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Thesis in English 2020

The Truth and Lie of Architecture

1. The truth? Creators are still looking for the truth. There is the inner truth of a work, the truth of time, the truth of art, the personal truth of a creator (I see it that way!)… Artists, viewers, art theorists, philosophers believe in the existence of the truth of art, they accept this idea. The audience may believe that Leonardo da Vinci’s painting of the Mona Lisa contains some mysterious truth; it is difficult to imagine the depth of the truth of Fernando Botero’s Mona Lisa. One can also believe that there is the truth of abstract painting. The truth of literature is widely accepted: the truth of the worlds of Joyce, Kafka, Gombrowicz, Borges… However, we do not wonder about the essence of the truth of Ciaccona from Bach’s Partita for Solo Violin No. 2, nor about the Gesamtkunstwerk of Wagner’s Valkyrie.

In the recent past of architecture, the concept of “truth” played an essential or significant role. There were directions based on a certain ethics in architecture; the architectural form resulted from the assumptions of the guidelines described as the sincerity of architecture; the aesthetics resulted from a kind of game of the truth. In brutalism, the truth consisted in the “sincerity” of the material; later, the truth of the form was also related to function. The issue of truth was also an important guideline for the development of concepts related to the logic of the building’s construction system; these concepts seem to have been displaced by individual efforts to demonstrate the originality of the architecture and – the architect.

2. The great lie of art. “We all know that Art is not truth. Art is a lie that makes us realize truth, at least the truth that is given us to understand.” This statement by Picasso remains valid! It is not clear what the truth is, the lie has gained a new colour. Once more, we are moving within an aesthetics that dazzles with a category of fictionality. Its existence has never been exposed so much. Even the significance of the slipping keystones in Giulio Romano’s Palazzo del Té by was concealed by a thick layer of ideology of beauty.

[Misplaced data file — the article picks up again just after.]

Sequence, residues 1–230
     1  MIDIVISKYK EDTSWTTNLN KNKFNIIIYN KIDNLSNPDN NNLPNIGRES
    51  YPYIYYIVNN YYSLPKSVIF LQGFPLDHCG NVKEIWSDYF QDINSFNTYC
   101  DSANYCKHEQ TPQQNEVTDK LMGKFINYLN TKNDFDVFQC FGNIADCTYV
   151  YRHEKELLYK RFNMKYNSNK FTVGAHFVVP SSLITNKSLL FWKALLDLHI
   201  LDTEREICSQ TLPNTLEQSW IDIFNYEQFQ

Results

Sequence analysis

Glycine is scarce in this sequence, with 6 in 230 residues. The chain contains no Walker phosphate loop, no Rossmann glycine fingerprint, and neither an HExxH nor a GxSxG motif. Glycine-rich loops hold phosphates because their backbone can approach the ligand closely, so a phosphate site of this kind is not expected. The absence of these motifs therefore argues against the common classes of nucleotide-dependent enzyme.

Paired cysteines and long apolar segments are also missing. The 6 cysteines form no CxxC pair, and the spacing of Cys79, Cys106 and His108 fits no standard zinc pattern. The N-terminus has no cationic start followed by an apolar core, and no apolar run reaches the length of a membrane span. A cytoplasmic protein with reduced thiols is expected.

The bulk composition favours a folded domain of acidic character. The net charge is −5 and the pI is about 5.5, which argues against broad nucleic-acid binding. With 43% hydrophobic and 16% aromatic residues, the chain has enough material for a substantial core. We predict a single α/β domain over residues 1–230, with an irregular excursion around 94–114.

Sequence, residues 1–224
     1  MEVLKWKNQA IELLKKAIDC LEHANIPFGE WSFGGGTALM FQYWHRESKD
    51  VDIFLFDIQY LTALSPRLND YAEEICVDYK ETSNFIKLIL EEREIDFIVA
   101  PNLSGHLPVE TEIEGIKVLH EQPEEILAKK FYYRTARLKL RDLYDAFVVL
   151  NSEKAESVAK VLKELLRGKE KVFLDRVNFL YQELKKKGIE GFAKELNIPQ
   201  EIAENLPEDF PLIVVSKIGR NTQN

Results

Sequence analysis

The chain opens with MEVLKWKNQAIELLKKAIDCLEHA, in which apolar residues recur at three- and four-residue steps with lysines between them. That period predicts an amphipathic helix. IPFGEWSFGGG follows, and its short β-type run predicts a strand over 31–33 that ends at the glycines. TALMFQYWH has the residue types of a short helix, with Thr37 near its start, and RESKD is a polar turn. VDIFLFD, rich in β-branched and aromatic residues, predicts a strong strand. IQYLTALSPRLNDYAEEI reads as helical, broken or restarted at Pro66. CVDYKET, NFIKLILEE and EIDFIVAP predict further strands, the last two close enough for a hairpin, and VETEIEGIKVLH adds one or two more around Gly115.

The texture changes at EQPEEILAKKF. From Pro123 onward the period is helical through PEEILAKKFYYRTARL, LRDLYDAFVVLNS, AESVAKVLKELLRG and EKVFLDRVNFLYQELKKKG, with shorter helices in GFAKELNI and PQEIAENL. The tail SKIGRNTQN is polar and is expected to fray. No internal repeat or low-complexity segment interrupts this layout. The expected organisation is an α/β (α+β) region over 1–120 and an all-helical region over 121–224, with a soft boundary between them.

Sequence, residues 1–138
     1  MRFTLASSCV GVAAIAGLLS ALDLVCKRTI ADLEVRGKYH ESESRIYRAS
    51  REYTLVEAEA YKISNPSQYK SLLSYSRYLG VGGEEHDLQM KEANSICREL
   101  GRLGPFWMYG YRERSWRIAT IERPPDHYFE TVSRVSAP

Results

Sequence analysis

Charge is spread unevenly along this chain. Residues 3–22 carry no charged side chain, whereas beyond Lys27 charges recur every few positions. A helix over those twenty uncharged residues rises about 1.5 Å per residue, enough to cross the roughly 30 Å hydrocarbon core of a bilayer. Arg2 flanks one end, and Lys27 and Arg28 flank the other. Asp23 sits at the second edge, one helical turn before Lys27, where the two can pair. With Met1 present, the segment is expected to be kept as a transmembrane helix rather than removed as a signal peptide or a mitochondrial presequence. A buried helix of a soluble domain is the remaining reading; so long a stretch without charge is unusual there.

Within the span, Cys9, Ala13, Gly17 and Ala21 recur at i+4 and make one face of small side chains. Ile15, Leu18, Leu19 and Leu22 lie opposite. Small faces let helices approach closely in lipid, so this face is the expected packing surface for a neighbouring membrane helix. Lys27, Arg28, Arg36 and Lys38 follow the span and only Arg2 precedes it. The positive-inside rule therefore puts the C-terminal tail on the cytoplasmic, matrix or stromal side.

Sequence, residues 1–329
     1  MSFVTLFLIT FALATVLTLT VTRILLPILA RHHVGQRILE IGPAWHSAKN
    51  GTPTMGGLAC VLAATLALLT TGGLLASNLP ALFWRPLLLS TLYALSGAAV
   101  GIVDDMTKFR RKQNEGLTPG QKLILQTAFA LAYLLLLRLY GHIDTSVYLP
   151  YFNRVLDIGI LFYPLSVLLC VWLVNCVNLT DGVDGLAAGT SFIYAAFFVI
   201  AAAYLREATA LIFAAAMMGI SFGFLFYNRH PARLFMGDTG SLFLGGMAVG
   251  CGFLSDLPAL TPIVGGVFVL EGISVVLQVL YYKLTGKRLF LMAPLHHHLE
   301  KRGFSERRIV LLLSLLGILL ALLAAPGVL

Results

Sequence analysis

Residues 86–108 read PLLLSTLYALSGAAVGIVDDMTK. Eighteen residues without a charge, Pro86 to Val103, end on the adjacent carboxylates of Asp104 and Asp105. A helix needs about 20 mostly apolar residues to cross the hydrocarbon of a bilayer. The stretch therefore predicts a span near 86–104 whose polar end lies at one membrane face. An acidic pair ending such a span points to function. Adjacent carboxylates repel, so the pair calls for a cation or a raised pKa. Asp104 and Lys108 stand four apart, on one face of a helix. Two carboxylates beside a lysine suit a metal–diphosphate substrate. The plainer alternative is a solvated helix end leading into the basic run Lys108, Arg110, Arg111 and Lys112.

Nabokov put forward the category of the great lie as the main attribute of art. The play of the artist and the audience can be compared to a game of chess, and interpreted as a conscious acknowledgement of the rules of artificiality on both sides of the mirror of fictionality. It seems that the matter with literature is simple: a literary work is not a statement that can be true or false. It is a statement that is not subject to such verification: this is the status of fiction. Declaring fiction as play and the great lie as a pretext is the way to create things. The adoption of such an idea assumes that art should be seen through the foggy glass of consciousness, that here we are watching – the world of art, the artificial world, the world in a mask. In this haze, one can seek the depth and vastness broadening the reception of an artistic object. Architecture also hides behind a veil of play, irony, and all other curtains proclaiming their artificiality. And the synonyms for “the great lie”: fiction, mystification, illusion, fantasy, poetry, irony, joke… are justified.

3. The easy lie. In the vicinity of the lie of art, there is the area of the greatest sincerity, “the easy lie”, the area of kitsch – the art of happiness. Kitsch is not just a description of things, it is also a definition of a certain kind of attitude and then, as a result, action. There is pleasant Hundertwasser’s kitsch in architecture. There is also a huge building in Warsaw: The Palace of Culture and Science, the greatest kitsch in the world, once grim, now tamed by time. It is an architectural thing with references to a certain tradition of historical architecture, built for – man’s happiness. And right on the edge of kitsch – the great art of postmodern architecture, and the vagaries of supermodernism.

4. The goal. The great lie and the search for the truth – do not fit into a single architectural theory. One can get an impression that the primary value is not so much the art called architecture as the goal – its originality enabling it to distinguish itself from everyday life’s surroundings and to be accepted by the world!

Dariusz Kozłowski, Maria Misiągiewicz, 2020